This article at Oregon Live gives much food for thought
In Oregon, only murder has no statute of limitation, meaning there is no time limit for prosecuting the crime. Rape has a six-year limit, although two years ago state lawmakers extended it to 25 years for prosecution of first-degree sex crimes in which DNA evidence has been collected.
But proponents of this session’s bill said the 25-year statute of limitations is not enough to safeguard victims and bring those responsible to justice.“All it does is reward a rapist who’s clever enough to evade capture,” said Christine Herrman, director of the Attorney General’s Sexual Assault Task Force.House Bill 3263 would eliminate the statute of limitations for four sex offenses: first-degree rape, first-degree sodomy, first-degree sexual penetration and first-degree sex abuse.Don Rees, a Multnomah County senior prosecuting attorney, said the bill is limited to the most violent sex crimes involving physical force and the most vulnerable victims.Representatives of the American Civil Liberties Union and the Oregon Criminal Defense Lawyers Association were careful to express support for Gillmore’s victims but said they respectfully opposed the bill.Andrea Meyer of the ACLU and Gail Meyer of the defense attorneys association said they were concerned that a defendant wouldn’t get a fair trial because witnesses die and memories fade. They also expressed concern about the potential for mishandling or contamination of DNA evidence over such a lengthy time.“You are robbing the defendant of the ability to re-create the event fairly,” Gail Meyer said. She added that the statute of limitations was particularly important to be maintained for sex crimes because “innocent, law-abiding people engage in sex” and could be wrongly implicated, which is not so for other crimes.But the committee didn’t seem swayed by the opponents’ concerns, and the bill has bipartisan support on the committee. Rep. Judy Stiegler, D-Bend, committee vice-chair, said she was “offended” by their logic, emphasizing that the bill deals with the most egregious of sex crimes, in which physical force or children are involved. Rep. Brent Barton, D-Clackamas, called the opponents’ arguments “logically flawed,” describing the bill as narrow in scope. Rep. Jefferson Smith, D-Portland, pointed out that it doesn’t change a prosecutor’s burden of proving a case at trial.Nationally, 14 states have adopted similar legislation, eliminating the statute of limitations in rape cases in which a DNA profile has been obtained. Thirteen other states have eliminated the statute of limitations on the most serious sex offenses, regardless of whether DNA evidence is collected.“It certainly a trend that’s been going on for the last five years, with the mass use of DNA to solve crimes,” said Kristina Korobov, director of the National Center for the Prosecution of Violence Against Women. “Certainly the impact of sex assault on a victim and their family can be as devastating as homicide.”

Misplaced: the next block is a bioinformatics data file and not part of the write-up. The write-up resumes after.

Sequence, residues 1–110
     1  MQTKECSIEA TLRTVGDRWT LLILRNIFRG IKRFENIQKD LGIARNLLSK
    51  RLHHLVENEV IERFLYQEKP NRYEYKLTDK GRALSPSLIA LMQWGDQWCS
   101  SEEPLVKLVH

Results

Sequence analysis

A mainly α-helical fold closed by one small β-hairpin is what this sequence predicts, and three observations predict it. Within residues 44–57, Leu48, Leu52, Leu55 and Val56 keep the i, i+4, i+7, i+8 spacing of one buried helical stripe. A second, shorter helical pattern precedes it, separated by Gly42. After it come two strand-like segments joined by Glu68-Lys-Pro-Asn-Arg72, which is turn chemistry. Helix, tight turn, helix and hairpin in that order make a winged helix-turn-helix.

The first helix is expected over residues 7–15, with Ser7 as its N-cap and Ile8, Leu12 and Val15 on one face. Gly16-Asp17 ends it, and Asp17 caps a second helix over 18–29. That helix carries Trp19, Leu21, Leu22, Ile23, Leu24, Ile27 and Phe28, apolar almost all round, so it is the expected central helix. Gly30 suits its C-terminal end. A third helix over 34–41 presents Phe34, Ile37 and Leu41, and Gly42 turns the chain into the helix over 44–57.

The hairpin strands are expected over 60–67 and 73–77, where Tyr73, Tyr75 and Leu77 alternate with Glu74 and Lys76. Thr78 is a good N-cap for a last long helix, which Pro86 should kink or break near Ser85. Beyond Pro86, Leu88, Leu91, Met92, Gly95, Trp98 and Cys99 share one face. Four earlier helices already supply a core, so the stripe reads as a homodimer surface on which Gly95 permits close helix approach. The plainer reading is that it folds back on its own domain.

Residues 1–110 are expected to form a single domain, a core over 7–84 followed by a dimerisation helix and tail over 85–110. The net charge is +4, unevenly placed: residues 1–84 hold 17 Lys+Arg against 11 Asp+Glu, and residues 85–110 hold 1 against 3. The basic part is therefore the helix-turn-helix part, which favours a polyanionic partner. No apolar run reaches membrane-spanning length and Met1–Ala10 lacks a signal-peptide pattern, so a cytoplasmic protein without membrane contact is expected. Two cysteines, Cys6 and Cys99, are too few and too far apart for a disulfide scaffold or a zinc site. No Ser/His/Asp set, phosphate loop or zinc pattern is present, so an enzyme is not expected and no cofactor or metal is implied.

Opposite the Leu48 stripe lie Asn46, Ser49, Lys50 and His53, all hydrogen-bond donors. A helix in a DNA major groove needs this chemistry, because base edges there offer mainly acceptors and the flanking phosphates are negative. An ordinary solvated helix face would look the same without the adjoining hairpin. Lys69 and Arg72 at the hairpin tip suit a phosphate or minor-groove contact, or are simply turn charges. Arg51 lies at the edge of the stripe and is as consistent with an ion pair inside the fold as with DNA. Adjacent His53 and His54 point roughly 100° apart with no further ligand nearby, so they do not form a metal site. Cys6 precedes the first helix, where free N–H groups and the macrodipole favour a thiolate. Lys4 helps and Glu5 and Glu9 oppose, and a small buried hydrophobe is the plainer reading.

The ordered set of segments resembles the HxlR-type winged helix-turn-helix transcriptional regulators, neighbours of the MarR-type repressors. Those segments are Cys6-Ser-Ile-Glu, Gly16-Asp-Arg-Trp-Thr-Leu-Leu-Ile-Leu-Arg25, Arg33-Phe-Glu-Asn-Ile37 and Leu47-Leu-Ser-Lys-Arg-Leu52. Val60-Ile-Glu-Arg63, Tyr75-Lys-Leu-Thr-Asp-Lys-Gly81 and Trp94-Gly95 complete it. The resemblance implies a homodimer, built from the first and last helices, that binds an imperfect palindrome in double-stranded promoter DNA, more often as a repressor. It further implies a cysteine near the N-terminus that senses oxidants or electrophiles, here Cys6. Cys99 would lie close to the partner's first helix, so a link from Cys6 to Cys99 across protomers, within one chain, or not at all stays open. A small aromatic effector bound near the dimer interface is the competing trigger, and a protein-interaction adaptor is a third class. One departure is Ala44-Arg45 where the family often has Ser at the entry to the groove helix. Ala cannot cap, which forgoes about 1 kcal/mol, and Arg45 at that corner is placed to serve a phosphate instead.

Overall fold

I know there are no easy answers and this is a volatile issue for many reasons. We have to ask the tough questions and explore the options though.